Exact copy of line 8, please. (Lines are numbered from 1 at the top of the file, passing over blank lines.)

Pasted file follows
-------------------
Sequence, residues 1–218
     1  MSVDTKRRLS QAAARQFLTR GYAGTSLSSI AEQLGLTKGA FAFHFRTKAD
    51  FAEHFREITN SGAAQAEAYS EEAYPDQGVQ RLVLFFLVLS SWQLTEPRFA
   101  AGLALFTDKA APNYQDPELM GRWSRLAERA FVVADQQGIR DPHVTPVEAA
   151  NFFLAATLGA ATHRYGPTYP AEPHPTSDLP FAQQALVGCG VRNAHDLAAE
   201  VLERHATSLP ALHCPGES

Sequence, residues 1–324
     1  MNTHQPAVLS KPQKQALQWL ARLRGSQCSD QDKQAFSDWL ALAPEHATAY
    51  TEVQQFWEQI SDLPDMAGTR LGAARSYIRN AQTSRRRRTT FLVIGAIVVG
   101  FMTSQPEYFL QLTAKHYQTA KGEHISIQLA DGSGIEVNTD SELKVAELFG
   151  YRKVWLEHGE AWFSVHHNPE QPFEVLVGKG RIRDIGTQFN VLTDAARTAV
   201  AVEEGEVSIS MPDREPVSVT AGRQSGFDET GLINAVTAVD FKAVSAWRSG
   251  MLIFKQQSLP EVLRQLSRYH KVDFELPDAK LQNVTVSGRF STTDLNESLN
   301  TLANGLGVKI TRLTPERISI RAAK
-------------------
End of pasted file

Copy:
     1  MNTHQPAVLS KPQKQALQWL ARLRGSQCSD QDKQAFSDWL ALAPEHATAY